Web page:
Archaeologists have found a shipwreck from the late 14th century buried in the mud of a Stockholm canal.
They are awaiting permission to excavate the wreckage - one of the oldest found in the Swedish capital - hoping it will shed light on shipbuilding techniques and trade.
Archaeologists say they might be able to salvage the ship, as was done with the 17th century warship Vasa, which is now housed in a museum and has become one of Stockholm's main tourist attractions.
Parts of the wreckage are protruding from the sediment at a depth of about 30ft in the Riddarfjarden canal leading into the heart of Stockholm, officials from the National Maritime Museum said. Archaeologists found it last autumn when examining a site for a new train tunnel. They have dated the construction of the ship to between 1350 and 1370, and believe it sank some time in the 1390s. "What is so special is that it is under water, here in Stockholm," said Marcus Hjulhammar, project leader for the museum. "That makes it much more likely that it is well preserved than if it had been on land."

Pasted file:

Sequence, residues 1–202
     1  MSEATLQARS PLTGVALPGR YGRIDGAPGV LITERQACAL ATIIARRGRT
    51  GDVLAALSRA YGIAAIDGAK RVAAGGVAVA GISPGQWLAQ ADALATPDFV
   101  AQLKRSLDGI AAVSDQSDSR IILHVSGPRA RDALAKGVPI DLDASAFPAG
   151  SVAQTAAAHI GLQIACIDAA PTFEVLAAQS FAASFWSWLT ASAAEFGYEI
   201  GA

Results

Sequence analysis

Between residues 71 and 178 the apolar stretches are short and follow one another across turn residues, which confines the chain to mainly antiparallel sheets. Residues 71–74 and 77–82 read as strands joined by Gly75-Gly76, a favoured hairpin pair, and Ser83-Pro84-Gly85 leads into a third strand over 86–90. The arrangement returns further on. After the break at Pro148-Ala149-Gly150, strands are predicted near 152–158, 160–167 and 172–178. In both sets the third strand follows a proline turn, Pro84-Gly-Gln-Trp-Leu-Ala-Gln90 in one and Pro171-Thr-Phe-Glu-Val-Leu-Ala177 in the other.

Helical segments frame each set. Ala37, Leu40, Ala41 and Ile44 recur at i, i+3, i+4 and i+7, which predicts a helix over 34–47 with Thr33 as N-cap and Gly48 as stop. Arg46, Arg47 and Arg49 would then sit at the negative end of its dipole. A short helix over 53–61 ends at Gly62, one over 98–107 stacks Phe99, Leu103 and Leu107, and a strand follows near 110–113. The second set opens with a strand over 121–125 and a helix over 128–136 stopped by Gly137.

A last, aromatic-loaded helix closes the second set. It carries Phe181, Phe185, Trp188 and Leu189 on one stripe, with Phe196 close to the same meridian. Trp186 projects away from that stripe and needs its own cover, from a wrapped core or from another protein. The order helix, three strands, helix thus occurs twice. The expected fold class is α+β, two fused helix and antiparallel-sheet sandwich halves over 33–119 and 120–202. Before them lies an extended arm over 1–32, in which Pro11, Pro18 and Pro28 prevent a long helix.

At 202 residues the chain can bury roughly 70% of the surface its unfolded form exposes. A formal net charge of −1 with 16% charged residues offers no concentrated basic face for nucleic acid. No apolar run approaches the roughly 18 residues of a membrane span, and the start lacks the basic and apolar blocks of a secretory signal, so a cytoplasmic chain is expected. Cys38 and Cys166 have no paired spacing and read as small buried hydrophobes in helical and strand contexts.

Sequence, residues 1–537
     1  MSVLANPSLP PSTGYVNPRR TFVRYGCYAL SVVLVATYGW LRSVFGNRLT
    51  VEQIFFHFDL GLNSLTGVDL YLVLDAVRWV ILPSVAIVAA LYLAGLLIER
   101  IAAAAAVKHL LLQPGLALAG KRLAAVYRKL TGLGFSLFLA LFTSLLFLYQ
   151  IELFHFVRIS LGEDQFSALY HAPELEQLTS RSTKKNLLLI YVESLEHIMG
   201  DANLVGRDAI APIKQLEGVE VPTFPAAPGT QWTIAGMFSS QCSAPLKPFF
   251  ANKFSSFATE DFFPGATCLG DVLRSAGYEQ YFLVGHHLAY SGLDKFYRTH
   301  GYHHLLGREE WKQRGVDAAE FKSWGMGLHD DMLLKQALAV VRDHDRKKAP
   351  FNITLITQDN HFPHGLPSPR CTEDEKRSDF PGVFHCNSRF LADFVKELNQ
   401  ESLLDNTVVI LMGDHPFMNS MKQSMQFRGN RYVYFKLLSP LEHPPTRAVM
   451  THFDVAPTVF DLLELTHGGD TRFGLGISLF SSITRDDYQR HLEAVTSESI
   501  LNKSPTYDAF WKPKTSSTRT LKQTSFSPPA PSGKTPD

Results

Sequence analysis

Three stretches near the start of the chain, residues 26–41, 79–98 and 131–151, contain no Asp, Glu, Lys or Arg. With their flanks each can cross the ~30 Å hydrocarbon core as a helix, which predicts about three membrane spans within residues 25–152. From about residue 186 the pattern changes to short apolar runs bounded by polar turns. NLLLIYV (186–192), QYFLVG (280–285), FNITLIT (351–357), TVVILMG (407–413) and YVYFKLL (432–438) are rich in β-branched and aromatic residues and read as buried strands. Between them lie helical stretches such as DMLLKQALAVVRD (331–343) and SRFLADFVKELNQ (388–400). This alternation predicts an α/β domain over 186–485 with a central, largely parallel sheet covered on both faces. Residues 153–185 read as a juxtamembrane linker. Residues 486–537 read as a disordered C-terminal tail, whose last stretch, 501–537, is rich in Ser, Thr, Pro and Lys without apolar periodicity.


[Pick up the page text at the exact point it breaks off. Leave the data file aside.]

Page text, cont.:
Shipwrecks have a decent chance of being well-preserved in the low-salt waters of the Stockholm archipelago because of a lack of wood-eating shipworms. If the entire ship - the size and type of which is unclear - is still intact, its cargo could give historians a better idea of trading in the area at the time.
A large crack in the hull has been covered by a piece of leather that had been nailed to the boards, Mr Hjulhammar said. "That is a sign that this ship was very worn down, and it is possible that this repair work is part of the reason it sank."
The museum is awaiting permission from the county government to dig out the remaining parts of the ship, Mr Hjulhammar said. They will then decide whether it is possible to lift it to land. "But it depends on how eroded it is," he said. "It may turn out that it is better to let her lie."Reuse content